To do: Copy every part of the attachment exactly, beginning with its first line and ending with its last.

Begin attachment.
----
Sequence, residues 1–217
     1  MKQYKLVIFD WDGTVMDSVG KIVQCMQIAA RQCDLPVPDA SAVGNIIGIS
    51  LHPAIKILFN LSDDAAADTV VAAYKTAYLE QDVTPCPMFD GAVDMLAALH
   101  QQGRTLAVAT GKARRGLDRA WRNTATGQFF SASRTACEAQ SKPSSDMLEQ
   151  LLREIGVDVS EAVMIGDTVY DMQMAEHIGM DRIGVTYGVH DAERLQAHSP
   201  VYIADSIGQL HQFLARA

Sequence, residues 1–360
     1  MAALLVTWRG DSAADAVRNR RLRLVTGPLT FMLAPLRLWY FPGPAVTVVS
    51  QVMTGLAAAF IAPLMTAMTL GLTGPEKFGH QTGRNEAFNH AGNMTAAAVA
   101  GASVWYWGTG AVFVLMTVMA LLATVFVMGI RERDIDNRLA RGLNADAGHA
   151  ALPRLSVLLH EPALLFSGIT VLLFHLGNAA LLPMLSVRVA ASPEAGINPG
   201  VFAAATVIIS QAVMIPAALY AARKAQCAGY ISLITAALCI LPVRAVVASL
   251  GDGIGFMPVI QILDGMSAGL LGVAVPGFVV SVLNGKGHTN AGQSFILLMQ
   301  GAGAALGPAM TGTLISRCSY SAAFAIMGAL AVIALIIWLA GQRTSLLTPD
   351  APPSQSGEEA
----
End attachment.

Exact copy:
Sequence, residues 1–217
     1  MKQYKLVIFD WDGTVMDSVG KIVQCMQIAA RQCDLPVPDA SAVGNIIGIS
    51  LHPAIKILFN LSDDAAADTV VAAYKTAYLE QDVTPCPMFD GAVDMLAALH
   101  QQGRTLAVAT GKARRGLDRA WRNTATGQFF SASRTACEAQ SKPSSDMLEQ
   151  LLREIGVDVS EAVMIGDTVY DMQMAEHIGM DRIGVTYGVH DAERLQAHSP
   201  VYIADSIGQL HQFLARA

Sequence, residues 1–360
     1  MAALLVTWRG DSAADAVRNR RLRLVTGPLT FMLAPLRLWY FPGPAVTVVS
    51  QVMTGLAAAF IAPLMTAMTL GLTGPEKFGH QTGRNEAFNH AGNMTAAAVA
   101  GASVWYWGTG AVFVLMTVMA LLATVFVMGI RERDIDNRLA RGLNADAGHA
   151  ALPRLSVLLH EPALLFSGIT VLLFHLGNAA LLPMLSVRVA ASPEAGINPG
   201  VFAAATVIIS QAVMIPAALY AARKAQCAGY ISLITAALCI LPVRAVVASL
   251  GDGIGFMPVI QILDGMSAGL LGVAVPGFVV SVLNGKGHTN AGQSFILLMQ
   301  GAGAALGPAM TGTLISRCSY SAAFAIMGAL AVIALIIWLA GQRTSLLTPD
   351  APPSQSGEEA